OSHA Injury and Illness Recordkeeping and Reporting Requirements

The Occupational Safety and Health Administration (OSHA) has extensive recordkeeping and reporting rules in place designed to help employers recognize workplace hazards and correct dangerous conditions by keeping detailed track of work-related injuries and illnesses and their causes.

Since 1971, OSHA has required that most businesses keep these records. The reporting requirements are spelled out in Part 1904 of OSHA’s regulations. They are written in plain language and are meant to be easy to follow. Even so, the rules can be confusing because they are updated frequently and sometimes involve making judgment calls.

What OSHA Recordkeeping Paperwork is Required?

OSHA requires that most employers record injuries and illnesses on three specific forms:

  • OSHA Form 300, Log of Work-Related Injuries, and Illnesses
  • OSHA Form 300A, Summary of Work-Related Injuries and Illnesses
  • OSHA Form 301, Injury, and Illness Incident Report

An employer is required to enter each case on the OSHA 300 Log and OSHA 301 Form within seven calendar days of receiving notice that a recordable illness or injury occurred. The company is required to post the Annual Summary (Form 300A) no later than February 1 of the year following the period of record.

Who Must Keep OSHA Injury Records?

According to OSHA, all employers are covered by Part 1904 rules. Then, again, some employers don’t have to keep certain records, such as filling out OSHA Forms 300 and 300A. Specifically, any employer with less than eleven workers (at all locations) is partially exempt from some recordkeeping requirements. If an employer has ten employees and then hires one temporary employee for just a day, they have gone over the threshold and must comply with OSHA’s reporting requirements for the remainder of the year.

Some businesses in low-hazard industries are also exempt from keeping OSHA injury and illness records unless specifically asked to do so by the agency. A few of these exempt industries include clothing stores, florists, schools, travel agencies, and financial services companies.

OSHA requires all employers, regardless of size or industry, to report work-related amputations, losses of an eye, hospitalizations, and fatalities. Fatalities must be reported within eight hours of learning about the incident or finding out that it was work-related. In other cases, the time limit is 24 hours.

But there are some exceptions here as well. An employer doesn’t have to report a fatality or serious injury if:

  • The worker passed away more than 30 days after the work-related injury or the amputation, hospitalization, or loss of an eye happened more than 24 hours after the incident;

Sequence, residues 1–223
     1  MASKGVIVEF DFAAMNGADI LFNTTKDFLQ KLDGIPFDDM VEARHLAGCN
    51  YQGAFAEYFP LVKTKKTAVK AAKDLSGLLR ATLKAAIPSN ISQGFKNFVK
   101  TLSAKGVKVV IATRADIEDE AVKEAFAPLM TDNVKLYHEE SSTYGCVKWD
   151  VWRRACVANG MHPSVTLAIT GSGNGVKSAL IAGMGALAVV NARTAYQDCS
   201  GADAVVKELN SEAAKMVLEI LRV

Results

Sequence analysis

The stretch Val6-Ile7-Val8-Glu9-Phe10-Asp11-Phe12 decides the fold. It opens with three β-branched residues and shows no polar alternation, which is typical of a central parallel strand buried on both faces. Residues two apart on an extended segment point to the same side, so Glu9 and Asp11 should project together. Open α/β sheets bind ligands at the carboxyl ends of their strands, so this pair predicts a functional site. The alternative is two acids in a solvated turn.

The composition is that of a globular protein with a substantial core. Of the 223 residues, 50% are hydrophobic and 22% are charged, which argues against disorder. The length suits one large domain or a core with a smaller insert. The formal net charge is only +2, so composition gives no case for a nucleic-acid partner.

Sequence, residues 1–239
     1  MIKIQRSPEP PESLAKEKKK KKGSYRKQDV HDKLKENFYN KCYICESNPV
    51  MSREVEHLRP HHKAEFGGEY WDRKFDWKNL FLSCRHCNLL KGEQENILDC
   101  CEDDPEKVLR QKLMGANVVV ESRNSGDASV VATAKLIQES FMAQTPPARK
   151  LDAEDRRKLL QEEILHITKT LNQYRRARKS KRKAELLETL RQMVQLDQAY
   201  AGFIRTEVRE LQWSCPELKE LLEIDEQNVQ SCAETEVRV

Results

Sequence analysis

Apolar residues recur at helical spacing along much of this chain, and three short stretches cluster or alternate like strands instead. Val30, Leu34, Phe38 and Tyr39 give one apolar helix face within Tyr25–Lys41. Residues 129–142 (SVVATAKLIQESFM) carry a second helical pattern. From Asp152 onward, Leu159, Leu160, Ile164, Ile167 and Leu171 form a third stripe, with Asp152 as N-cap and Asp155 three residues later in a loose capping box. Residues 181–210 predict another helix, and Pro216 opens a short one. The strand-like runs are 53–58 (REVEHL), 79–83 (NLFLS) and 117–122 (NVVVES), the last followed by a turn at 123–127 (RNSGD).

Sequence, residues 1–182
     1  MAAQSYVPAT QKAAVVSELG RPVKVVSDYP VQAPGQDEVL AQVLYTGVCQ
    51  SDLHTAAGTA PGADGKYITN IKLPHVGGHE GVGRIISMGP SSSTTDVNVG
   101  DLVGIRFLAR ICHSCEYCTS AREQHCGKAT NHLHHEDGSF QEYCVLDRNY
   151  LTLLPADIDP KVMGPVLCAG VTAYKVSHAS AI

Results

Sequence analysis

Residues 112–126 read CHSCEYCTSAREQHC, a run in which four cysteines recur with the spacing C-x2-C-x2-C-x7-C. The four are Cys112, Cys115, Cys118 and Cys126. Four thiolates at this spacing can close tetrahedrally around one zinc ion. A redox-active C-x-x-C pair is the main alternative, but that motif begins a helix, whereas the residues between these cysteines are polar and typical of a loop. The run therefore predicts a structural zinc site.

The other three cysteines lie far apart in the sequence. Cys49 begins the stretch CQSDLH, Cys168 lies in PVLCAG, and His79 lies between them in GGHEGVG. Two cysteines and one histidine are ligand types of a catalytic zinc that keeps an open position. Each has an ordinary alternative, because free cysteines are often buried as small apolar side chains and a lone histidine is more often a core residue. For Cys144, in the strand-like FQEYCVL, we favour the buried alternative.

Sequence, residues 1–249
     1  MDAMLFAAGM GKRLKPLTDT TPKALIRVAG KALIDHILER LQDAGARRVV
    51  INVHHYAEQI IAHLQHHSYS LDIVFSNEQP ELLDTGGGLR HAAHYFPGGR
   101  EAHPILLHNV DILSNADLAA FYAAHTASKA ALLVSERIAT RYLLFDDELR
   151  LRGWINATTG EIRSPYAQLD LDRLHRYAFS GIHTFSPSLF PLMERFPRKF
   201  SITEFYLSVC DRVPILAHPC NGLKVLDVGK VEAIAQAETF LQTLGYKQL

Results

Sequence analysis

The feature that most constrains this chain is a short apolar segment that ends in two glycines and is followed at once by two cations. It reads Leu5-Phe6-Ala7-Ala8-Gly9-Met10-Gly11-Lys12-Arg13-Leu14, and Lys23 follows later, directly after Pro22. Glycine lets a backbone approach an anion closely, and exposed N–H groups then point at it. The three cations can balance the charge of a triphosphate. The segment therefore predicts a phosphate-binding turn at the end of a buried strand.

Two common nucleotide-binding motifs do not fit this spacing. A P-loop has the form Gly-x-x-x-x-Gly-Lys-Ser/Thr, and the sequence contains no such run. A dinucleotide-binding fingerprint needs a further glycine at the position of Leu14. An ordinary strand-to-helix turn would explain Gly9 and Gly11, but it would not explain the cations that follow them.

• The accident resulted from a motor vehicle accident on a highway or public street; or
  • The event occurred on a public or commercial transportation system.

What is Considered a Recordable Injury or Illness by OSHA?

Not all illnesses and injuries in the workplace are recordable. To be recordable according to OSHA, an illness or injury must meet the following conditions:

  • It is new.
  • It is work-related.
  • It results in one or more recording criteria.

It’s generally simple enough to figure out if a case is new. If the employee had never experienced the illness or injury before or had recovered completely from a prior injury, a new event would likely qualify.

Figuring out if an illness or injury is work-related can be more challenging. Under OSHA’s rules, work-relatedness is presumed for exposures or events in the workplace unless it meets the criteria for specific exceptions. Some examples of exceptions include: the employee was involved in personal tasks, the injury resulted from a non-work-related event, or the illness is the common cold or flu. OSHA has also determined that COVID-19 is NOT the common cold or flu, so it could be considered a recordable illness if the workplace was a “discernable cause.”

Finally, a work-related illness or injury is recordable if it meets one more recording criteria. These are:

  • Medical treatment beyond first aid
  • Loss of consciousness
  • Days away from work
  • Restricted work or transfer to another position
  • Death

Your Rights As an Injured Worker

Whether or not your employer must report to OSHA, you have rights if you have become sick or injured through the course of your employment. Not only should you report any on-the-job injuries to your employer promptly, but you should also seek immediate medical care.

OSHA regulations can be complex, and workers’ rights related to compensation and freedom from retaliation are equally complicated. If you’ve been injured at work, an experienced workplace injury attorney can help explain and protect your right to recovery.

At OSHA Injury Attorney, we take pride in fiercely protecting the interests of workers just like yourself. If you’ve been injured and have questions about your rights, we can help.